As natural-born healers, massage therapists aim to make their practices accessible to all. A massage therapy career is rooted in caring for others. Yet unintentional discrimination may make potential clients feel uncomfortable. If you are straight and cis gender, you may be unaware of the stress and discrimination that LGBTQ individuals face daily massage practice lgbtq EWC.
Research shows that LGBTQ persons are 2.5 times more likely to experience depression, substance misuse, and anxiety than their straight peers. Moreover, most LGBTQ people report healthcare discrimination, such as denial of care, harsh language, or blaming an illness on sexual orientation or gender identity. It’s not surprising, then, that many LGBTQ people avoid or postpone medical care. You can make a difference by ensuring that your own corner of the wellness world—your massage therapy practice—is a welcoming place for all people, regardless of their gender and/or sexual identities.
Read on to learn techniques to make LGBTQ clients feel welcome in your massage space.
Educate Yourself to Understand Others
Open your mind to your own unforeseen biases. Self-education is the best tool you have in LGBTQ support.
The World Health Organization’s Gender and Genetics Study highlights the difference between biological sex (biologically determined characteristics of men and women), versus gender (socially defined ideas of male and female). While Americans traditionally identify only two genders, this is not true of other cultures. For instance, many Native American groups see gender as a continuum, with special recognition for “two-spirited” individuals who have both masculine and feminine qualities. Other cultures recognize more than two genders. Thai culture recognizes a third gender, phuying, males who display varying degrees of femininity.
Clearly, LGBTQ awareness is a complex issue—one that can fuel a lifelong quest in empathy and compassion. As they say, every journey begins with a single step. The following definitions may be a useful baseline for beginning to understand the LGBTQ experience:
Cis gender: Individuals who identify with their biological sex at birth.
Trans gender: Individuals who identify with a gender other than their biological sex at birth.
Intersex: Individuals who were born with sex characteristics (such as genitals or chromosome patterns) that do not fit with binary notions of female or male bodies.
Gender queer or Non-binary: Individuals who do not identify entirely with male or female genders; they do not feel the need to fit into this binary gender system.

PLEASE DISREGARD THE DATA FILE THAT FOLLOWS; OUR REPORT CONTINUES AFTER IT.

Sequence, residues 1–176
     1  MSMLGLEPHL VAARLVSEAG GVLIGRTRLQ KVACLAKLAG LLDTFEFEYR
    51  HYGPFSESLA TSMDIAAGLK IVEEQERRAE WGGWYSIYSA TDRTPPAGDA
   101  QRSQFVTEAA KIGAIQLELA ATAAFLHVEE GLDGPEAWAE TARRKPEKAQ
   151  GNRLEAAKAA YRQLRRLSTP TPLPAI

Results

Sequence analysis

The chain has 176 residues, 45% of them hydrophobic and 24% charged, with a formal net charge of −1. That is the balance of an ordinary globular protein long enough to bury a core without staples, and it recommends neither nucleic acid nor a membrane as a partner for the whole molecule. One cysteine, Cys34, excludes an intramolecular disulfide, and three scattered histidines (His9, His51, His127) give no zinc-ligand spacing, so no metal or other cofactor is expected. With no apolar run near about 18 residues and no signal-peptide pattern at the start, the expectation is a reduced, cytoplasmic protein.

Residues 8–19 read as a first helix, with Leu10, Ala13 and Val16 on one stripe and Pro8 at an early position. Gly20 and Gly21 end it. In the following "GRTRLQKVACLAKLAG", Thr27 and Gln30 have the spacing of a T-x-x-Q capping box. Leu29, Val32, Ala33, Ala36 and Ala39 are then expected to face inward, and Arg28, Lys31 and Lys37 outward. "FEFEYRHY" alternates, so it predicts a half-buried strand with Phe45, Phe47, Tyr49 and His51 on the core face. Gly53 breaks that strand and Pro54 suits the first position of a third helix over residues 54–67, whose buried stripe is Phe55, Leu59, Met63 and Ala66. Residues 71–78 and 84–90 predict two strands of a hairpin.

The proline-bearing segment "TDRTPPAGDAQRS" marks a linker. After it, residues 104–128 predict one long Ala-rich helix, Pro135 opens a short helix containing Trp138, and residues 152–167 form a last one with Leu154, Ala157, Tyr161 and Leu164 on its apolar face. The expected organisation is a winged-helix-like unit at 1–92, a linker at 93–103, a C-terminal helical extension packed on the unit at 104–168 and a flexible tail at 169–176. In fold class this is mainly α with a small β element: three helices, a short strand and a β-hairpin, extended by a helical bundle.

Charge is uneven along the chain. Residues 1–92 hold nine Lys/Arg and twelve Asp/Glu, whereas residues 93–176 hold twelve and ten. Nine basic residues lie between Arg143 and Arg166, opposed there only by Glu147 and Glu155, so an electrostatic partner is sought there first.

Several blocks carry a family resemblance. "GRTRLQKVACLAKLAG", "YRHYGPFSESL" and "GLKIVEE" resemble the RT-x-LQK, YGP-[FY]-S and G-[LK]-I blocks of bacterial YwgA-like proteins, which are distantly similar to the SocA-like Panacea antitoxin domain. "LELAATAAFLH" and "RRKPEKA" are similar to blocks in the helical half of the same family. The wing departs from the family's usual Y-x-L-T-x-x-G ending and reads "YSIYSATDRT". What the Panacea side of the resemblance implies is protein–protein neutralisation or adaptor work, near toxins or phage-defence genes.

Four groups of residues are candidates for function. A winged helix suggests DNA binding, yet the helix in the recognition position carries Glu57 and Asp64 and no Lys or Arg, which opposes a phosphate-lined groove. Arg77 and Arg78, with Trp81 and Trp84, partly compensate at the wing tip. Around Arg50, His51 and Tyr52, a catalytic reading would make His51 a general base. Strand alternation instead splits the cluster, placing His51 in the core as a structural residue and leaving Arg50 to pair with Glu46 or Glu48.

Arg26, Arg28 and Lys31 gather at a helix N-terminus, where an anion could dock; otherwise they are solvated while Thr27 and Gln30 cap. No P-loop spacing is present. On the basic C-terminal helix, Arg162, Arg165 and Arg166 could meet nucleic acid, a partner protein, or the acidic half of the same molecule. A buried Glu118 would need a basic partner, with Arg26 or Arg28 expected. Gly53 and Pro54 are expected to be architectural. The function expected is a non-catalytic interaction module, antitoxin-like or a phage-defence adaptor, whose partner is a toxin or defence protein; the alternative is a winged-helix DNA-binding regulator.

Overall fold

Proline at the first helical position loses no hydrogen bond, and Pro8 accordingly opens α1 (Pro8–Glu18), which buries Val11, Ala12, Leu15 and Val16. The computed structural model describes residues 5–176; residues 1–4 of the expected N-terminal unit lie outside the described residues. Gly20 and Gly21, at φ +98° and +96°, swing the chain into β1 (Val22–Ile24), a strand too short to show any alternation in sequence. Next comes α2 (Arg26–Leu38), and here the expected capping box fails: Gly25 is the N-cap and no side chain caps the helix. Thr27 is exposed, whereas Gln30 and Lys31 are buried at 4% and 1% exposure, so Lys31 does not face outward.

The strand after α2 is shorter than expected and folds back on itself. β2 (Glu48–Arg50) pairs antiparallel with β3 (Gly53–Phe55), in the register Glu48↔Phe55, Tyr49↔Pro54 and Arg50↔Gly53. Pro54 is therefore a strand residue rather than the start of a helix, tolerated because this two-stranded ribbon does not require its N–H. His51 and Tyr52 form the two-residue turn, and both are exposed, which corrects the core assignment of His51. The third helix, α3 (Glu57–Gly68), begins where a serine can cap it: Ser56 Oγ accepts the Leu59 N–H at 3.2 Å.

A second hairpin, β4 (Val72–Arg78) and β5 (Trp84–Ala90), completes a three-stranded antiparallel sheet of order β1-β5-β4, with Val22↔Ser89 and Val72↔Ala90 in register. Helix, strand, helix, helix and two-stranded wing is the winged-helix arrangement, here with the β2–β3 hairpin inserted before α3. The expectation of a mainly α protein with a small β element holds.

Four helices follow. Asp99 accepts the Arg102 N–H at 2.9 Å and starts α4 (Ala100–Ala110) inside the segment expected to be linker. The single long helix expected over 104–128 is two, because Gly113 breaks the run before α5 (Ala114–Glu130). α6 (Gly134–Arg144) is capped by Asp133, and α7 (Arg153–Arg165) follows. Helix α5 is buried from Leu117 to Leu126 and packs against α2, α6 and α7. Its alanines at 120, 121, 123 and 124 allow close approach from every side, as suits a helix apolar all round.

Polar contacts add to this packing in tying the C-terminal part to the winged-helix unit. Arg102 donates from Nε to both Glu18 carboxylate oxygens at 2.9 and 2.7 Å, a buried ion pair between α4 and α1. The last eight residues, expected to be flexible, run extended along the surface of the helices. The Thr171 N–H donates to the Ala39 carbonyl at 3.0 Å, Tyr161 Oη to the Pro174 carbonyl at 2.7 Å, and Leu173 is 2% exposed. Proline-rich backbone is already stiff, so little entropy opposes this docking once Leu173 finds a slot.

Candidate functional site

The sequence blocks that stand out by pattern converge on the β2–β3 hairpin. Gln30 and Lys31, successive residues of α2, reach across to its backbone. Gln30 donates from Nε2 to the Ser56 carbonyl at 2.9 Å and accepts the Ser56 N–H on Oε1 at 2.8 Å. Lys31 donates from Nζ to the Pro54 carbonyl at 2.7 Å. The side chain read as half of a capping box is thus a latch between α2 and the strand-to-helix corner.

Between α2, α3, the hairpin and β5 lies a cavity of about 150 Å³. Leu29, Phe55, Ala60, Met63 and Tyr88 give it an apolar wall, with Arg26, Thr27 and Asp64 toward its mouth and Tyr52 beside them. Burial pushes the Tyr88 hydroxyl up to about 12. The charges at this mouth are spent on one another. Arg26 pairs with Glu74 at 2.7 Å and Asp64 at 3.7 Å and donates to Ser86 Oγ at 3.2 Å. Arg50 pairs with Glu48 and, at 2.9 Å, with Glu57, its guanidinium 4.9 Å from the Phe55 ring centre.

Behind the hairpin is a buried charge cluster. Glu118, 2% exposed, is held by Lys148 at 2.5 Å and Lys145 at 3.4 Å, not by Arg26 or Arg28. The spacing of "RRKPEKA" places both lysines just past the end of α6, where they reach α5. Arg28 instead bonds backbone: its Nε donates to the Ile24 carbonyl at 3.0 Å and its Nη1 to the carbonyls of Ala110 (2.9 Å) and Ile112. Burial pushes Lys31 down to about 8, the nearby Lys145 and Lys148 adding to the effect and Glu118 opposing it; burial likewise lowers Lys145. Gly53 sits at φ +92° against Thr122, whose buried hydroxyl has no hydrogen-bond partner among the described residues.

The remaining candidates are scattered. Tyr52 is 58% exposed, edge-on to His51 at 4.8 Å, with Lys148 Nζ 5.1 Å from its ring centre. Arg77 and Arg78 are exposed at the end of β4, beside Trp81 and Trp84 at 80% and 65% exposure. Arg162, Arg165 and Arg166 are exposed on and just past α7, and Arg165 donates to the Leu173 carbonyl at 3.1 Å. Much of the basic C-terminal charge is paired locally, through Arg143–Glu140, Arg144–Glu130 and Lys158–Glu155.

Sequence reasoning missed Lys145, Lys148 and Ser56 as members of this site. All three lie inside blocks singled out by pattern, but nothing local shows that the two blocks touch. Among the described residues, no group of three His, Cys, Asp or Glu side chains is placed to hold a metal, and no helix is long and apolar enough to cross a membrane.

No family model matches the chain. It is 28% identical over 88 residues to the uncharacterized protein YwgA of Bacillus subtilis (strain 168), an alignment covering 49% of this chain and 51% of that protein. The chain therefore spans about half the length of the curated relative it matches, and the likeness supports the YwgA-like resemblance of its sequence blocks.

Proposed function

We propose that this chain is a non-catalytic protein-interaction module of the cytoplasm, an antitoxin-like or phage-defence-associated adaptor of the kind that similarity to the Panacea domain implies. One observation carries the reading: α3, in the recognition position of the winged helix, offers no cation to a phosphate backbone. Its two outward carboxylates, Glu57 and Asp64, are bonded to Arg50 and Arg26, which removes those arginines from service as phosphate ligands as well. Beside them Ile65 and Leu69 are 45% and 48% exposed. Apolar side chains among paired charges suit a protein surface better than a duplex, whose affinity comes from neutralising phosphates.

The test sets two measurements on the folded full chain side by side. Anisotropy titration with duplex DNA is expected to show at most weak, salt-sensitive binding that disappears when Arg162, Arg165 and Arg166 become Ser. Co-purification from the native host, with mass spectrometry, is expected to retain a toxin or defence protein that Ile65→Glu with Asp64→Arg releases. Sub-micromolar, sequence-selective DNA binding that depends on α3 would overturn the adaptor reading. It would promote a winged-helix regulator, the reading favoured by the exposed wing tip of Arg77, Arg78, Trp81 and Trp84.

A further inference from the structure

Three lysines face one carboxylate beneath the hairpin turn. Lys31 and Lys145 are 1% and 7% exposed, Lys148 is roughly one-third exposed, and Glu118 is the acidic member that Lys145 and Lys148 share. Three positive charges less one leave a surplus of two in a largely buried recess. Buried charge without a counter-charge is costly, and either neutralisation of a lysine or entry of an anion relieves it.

Bisexual: Individuals who are attracted to both males and females.
Gay: Males who are attracted to other males.
Lesbian: Women who are attracted to other women.
LGBTQ-Welcoming Communication: Intake Forms, Confidentiality, and Non-Verbal Cues
As you progress along the path of LGBTQ awareness, you will likely notice a few aspects of your practice to improve for congeniality toward all clients.
Confidentiality is a must for LGBTQ individuals. Recognize that the United States lacks across the board legal protections based on gender identification. Trans gender people may lose their jobs if their biological sex becomes known. Therefore, LGBTQ individuals may not disclose their biological sex; respect their privacy and make it a non-issue as much as possible. For instance, leave a line for people to write in their gender rather than selecting from “male” or “female.”
Review your intake forms for any unnecessary questions on relationship status, the relationship of an emergency contact, and marital status. Again, if you feel you must keep a certain question, include a blank rather than a box to select. Finally, determine if any of your health questions need to be rephrased or eliminated.
Emphasize your own commitment to confidentiality verbally and in writing on any forms.
Here are a few more recommendations for your massage space:
- Don’t make assumptions about family structure. Unfortunately, LGBTQ individuals may suffer estrangement from their birth families. Consider asking, “Is it okay for me to ask about your family?” Or skip this off-topic chit-chat altogether and stick to questions about treatment massage practice lgbtq.
- Label bathrooms “Restroom” rather than “Men’s” and “Women’s.” If you have gender-separate locker rooms, allow clients to select where they will feel the most comfortable.
- Couples massage is wonderful for romantic partners, friends, and family members alike. Don’t make assumptions about romantic couplings. In this and all aspects of your practice, allow the client to decide what they would like to share with you.
Outside of your practice, you can let the world know your commitment to be an LGBTQ ally. Place a LGBTQ-friendly sign outside your space. Post a similar message on your social media platforms, such as Facebook. Consider joining the local GLBTQ Legal Advocates and Defenders (GLAD) and/or PFLAG (Parents, Families, and Friends of Lesbians and Gays) advocacy groups. Volunteering for LGTBQ groups and attending local events, such as Pride Day, are wonderful ways to convey the openness of your practice, while also spreading the word about the value of massage therapy.
In an April Massage Magazine article, therapist Gael Wood reported that during her time in massage school, in the 1990s, a fellow student was HIV positive. Other students always wore gloves when working with him. Apparently, they were unaware that HIV cannot be transmitted via skin contact. Wood reports this as her first experience with LGBTQ discrimination in massage. Fortunately, massage therapy schools have come a long way since then. Still, massage students and LMTs can help make our profession even more welcoming to the LGBTQ community by cultivating awareness and compassion on a daily, moment-by-moment basis massage practice lgbtq.